So if you look back at my 5 recipes so far, whenever I’ve listed milk or butter, I’ve always substituted them for the soya or sunflower alternative and the results are just as delicious.

When I’ve made birthday cakes for friends and I know we are going to be eating some of the cake with them, I don’t tell them it’s dairy free until they’ve eaten a slice – they always say they never would have known as there’s no difference at all in the flavour or texture of the cake.

When we first started using soya milk I was frightened that I’d never be able to have my favourite yorkshire puddings any more as I didn’t think soya milk would work the same magic as cow’s milk – making them rise and go crispy on the top yet be nice and stodgy at the bottom.  How wrong I was: just look at this picture of when I made us a roast dinner last Sunday:

A trick I learned from a friend of mine is to use a deep muffin tray.  This seems to keep them stodgy.  And they rose really well – always have a very hot oven and use very hot oil my husband’s always telling me.  I’d better not put the rest of my husband’s Yorkshire pudding tips or he’ll tell me off for giving away his family secrets!  I don’t think generations in the past would ever have used soya milk but it really works if you can’t tolerate milk.

I hope this post is useful both to those who struggle with dairy products like us; and for those who are lucky enough to eat everything with no problems, this may be helpful if you have any ‘dairy intolerant’ friends or family if you never know what to make for them when they come over for dinner.  The answer is to make exactly the same as you, just with a couple of alternative ingredients, safe in the knowledge they’ll work the same way as the real thing.


Party cupcake time

My best friend and her husband often have parties/gatherings/soirees at their house and always provide lots of delicious nibbles for us all. So instead of ‘bringing a bottle’ I decided to bring some cakes. I dipped into my new Hummingbird Bakery Cake Days book and found these indulgent looking chocolate cupcakes too tempting to ignore.

These are very rich and went down very well at the party! In fact, my best friend is coming over this weekend so we can make them together as she liked them so much 🙂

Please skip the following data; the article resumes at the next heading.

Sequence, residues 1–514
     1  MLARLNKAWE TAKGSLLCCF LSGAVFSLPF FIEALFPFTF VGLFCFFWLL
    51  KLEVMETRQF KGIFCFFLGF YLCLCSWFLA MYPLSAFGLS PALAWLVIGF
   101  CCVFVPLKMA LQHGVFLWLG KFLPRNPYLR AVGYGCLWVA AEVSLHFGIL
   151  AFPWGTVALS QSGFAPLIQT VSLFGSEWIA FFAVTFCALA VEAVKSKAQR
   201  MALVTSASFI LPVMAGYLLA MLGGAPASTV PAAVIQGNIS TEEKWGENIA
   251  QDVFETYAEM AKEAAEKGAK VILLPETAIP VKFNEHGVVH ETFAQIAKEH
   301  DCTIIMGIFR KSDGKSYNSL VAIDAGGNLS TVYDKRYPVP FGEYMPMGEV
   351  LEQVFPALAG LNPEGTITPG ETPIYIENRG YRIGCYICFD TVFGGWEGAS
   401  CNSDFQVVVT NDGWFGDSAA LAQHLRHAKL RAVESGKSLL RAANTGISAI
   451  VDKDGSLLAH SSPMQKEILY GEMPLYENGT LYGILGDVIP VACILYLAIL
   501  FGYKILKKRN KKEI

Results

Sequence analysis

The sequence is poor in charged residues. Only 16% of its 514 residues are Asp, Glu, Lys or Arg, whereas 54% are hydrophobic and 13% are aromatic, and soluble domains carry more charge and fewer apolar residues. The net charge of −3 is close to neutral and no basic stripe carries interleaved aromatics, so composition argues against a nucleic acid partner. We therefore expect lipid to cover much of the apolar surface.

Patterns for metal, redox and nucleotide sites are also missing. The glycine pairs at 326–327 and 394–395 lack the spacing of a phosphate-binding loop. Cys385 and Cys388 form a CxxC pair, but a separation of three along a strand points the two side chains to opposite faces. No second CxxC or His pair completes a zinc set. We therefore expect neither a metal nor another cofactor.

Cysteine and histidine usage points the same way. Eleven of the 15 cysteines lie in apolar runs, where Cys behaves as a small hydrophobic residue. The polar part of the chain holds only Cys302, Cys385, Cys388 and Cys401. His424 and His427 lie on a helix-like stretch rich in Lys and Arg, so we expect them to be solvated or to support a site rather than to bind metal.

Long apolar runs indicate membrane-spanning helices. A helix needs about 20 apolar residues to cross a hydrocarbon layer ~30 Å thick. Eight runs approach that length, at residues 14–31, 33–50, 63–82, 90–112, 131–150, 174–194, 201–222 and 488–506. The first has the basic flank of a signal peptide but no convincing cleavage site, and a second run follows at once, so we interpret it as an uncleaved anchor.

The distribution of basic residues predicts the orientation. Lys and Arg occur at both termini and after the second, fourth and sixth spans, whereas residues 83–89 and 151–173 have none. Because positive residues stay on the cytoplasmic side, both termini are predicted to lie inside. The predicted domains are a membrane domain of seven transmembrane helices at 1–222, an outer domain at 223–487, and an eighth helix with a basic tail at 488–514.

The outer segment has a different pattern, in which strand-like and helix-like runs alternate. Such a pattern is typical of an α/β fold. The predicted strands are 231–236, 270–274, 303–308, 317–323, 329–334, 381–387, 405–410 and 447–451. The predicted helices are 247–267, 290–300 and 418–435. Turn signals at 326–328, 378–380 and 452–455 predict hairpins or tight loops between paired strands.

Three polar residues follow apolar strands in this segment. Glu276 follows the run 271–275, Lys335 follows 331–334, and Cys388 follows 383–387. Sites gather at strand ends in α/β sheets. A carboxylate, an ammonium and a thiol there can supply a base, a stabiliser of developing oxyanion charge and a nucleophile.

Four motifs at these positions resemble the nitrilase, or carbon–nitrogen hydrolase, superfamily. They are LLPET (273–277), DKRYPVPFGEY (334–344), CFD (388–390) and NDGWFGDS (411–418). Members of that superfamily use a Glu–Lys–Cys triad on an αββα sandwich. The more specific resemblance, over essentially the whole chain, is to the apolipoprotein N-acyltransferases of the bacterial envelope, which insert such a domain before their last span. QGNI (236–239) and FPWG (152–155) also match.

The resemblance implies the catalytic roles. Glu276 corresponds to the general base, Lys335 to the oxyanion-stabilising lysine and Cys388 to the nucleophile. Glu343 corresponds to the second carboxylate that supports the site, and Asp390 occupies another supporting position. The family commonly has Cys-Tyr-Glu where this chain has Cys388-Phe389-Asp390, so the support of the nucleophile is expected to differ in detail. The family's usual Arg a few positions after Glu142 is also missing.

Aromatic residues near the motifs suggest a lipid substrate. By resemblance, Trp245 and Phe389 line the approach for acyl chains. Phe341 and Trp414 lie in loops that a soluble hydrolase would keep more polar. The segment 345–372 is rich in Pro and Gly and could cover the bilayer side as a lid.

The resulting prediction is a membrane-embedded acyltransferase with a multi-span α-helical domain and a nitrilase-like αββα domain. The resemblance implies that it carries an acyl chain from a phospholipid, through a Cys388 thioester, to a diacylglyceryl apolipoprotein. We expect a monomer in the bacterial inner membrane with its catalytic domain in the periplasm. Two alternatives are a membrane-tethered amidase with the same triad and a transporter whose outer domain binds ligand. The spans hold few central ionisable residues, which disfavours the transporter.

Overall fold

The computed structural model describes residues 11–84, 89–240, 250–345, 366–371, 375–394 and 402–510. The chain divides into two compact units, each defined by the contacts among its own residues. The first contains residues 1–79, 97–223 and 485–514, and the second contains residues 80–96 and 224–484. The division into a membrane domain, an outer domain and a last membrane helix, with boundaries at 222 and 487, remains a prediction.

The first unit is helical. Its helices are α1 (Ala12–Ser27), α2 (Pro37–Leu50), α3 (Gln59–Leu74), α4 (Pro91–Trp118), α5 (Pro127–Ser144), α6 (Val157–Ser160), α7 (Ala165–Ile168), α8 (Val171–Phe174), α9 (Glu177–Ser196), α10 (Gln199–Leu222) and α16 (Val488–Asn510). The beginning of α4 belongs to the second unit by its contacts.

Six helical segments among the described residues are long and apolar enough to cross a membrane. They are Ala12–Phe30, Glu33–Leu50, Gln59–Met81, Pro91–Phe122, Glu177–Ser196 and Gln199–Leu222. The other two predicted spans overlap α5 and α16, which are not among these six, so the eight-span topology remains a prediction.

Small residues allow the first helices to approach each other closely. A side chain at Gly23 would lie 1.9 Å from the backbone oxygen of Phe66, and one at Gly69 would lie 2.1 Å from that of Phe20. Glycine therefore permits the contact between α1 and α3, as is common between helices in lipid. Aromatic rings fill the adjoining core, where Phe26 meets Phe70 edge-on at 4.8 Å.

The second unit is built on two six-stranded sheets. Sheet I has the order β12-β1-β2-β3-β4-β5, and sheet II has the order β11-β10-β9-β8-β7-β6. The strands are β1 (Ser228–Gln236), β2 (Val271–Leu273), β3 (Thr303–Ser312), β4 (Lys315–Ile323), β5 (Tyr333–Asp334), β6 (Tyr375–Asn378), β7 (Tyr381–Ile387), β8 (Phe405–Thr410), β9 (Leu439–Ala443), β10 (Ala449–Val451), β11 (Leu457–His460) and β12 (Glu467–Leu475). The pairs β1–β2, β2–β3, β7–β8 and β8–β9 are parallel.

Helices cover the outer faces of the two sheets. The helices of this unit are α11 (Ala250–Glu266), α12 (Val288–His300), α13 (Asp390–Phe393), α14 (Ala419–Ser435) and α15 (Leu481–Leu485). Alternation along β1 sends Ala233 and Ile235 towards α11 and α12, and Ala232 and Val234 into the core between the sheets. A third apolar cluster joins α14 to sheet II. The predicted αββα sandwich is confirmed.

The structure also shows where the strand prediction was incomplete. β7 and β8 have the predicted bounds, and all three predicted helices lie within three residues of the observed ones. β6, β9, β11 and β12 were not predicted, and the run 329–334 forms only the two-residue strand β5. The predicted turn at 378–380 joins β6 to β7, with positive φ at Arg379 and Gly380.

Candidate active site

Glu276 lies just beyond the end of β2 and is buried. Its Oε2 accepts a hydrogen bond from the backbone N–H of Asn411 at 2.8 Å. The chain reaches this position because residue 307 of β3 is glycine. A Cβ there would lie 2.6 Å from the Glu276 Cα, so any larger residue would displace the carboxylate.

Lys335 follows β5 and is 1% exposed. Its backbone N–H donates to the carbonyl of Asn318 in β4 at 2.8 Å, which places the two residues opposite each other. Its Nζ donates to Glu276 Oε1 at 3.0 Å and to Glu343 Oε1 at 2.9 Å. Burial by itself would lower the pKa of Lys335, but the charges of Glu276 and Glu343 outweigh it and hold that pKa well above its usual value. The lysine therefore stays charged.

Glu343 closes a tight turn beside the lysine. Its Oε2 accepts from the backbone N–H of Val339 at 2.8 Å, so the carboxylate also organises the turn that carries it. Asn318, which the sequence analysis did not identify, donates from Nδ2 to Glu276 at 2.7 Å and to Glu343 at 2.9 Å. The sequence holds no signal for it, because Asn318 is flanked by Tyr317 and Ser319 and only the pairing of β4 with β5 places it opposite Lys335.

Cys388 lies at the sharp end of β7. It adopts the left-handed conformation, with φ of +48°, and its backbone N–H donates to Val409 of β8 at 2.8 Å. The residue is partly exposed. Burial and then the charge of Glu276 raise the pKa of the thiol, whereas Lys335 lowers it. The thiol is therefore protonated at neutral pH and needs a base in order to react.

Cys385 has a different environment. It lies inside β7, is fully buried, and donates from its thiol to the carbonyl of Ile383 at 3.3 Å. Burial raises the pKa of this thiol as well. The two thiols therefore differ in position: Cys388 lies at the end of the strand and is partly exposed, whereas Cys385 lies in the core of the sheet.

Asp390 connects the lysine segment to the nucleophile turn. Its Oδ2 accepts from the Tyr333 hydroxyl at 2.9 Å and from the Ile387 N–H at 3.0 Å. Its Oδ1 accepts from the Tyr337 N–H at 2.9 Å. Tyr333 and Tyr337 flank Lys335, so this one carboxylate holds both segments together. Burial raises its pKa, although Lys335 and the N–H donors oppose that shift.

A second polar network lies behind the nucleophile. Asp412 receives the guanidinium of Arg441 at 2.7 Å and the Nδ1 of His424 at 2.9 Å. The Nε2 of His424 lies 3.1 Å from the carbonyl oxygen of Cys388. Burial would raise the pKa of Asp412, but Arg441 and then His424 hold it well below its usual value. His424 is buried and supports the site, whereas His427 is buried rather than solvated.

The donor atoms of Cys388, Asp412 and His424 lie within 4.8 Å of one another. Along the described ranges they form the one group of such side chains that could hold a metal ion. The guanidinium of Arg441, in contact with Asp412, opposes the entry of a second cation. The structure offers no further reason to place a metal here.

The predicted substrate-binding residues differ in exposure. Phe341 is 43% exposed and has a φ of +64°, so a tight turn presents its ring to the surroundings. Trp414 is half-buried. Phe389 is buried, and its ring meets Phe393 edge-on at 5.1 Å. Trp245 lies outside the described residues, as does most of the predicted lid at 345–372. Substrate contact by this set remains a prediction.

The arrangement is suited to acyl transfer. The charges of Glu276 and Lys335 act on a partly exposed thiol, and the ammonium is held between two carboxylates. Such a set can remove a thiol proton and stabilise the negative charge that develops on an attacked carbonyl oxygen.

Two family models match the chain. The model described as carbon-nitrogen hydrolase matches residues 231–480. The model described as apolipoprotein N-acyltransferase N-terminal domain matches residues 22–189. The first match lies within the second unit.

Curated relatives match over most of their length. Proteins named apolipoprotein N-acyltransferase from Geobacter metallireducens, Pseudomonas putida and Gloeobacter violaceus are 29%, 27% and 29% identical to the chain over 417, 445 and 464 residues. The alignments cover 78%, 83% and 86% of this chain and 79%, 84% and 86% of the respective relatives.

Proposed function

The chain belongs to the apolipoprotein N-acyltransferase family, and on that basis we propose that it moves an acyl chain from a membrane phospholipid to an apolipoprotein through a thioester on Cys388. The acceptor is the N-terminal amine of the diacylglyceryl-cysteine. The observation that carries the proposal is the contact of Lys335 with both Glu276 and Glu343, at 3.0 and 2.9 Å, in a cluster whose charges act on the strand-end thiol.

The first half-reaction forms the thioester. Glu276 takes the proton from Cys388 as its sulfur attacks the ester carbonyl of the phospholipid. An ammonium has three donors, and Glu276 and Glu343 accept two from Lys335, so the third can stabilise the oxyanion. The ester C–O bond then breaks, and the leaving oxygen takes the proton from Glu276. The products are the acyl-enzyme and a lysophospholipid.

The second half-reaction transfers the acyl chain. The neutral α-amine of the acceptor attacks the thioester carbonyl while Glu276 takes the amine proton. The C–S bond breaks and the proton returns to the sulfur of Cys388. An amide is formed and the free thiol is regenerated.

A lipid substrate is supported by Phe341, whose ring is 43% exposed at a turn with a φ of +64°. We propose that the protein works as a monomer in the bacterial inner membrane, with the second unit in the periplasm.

Ingredients for the sponge:

80g unsalted butter

280g caster sugar

200g plain flour

40g cocoa powder

1tbsp baking powder

1/4 tsp salt

240ml whole milk

2 large eggs

Ingredients for the frosting:

400g icing sugar

100g cocoa powder (I only used 50g as thought 100g was a bit excessive!)

160g unsalted butter

50ml whole milk

Chocolate stars, sprinkles, shavings etc to decorate


1) Pre-heat oven to 190° C and line a muffin tin with muffin cases

2) Put the flour, cocoa, sugar, baking powder, salt, and butter in a stand mixer fitted with paddle attachment (or use a handheld electric mixer) and beat on slow speed until you get a sandy consistency and everything is combined.

3) Whisk the milk and eggs together in a bowl then slowly pour 3/4 of this mixture into the flour mixture, beat on medium speed to combine, and add the remaining liquid mixture in continuing to beat at medium speed to get rid of any lumps but do not over-mix.
4) Spoon the batter into the paper cases until two-thirds full and bake in the preheated oven for 18-20 minutes, or until the cake bounces back when touched. A skewer inserted into the center should come out clean. Let the cupcakes cool slightly in the pan before turning out onto a wire rack to cool completely.
5) To make the chocolate frosting, whisk the icing sugar with the cocoa powder and butter on low speed until the mixture is a sandy consistency. Pour in the milk, then increase to high speed until soft and fluffy.
6) When the cupcakes are cold, pipe or spoon the chocolate frosting on top and decorate with sprinkles.